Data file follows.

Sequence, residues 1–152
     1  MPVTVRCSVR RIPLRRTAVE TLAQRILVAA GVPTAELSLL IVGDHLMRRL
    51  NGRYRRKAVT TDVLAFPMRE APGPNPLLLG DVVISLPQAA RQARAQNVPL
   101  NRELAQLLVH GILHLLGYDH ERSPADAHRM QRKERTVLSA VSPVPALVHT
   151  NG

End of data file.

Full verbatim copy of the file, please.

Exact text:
Sequence, residues 1–152
     1  MPVTVRCSVR RIPLRRTAVE TLAQRILVAA GVPTAELSLL IVGDHLMRRL
    51  NGRYRRKAVT TDVLAFPMRE APGPNPLLLG DVVISLPQAA RQARAQNVPL
   101  NRELAQLLVH GILHLLGYDH ERSPADAHRM QRKERTVLSA VSPVPALVHT
   151  NG